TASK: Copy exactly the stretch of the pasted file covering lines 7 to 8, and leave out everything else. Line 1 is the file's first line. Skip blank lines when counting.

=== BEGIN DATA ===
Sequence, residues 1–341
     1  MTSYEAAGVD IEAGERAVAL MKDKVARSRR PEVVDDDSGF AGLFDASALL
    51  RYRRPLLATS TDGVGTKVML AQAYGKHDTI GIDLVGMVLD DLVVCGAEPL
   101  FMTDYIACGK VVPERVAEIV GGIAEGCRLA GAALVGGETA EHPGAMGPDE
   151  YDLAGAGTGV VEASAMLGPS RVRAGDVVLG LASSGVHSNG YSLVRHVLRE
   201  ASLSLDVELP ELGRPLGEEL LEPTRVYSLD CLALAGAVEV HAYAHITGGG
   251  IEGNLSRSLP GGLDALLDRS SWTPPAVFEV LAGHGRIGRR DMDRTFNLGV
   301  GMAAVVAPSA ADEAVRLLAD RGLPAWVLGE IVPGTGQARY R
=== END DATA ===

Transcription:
   251  IEGNLSRSLP GGLDALLDRS SWTPPAVFEV LAGHGRIGRR DMDRTFNLGV
   301  GMAAVVAPSA ADEAVRLLAD RGLPAWVLGE IVPGTGQARY R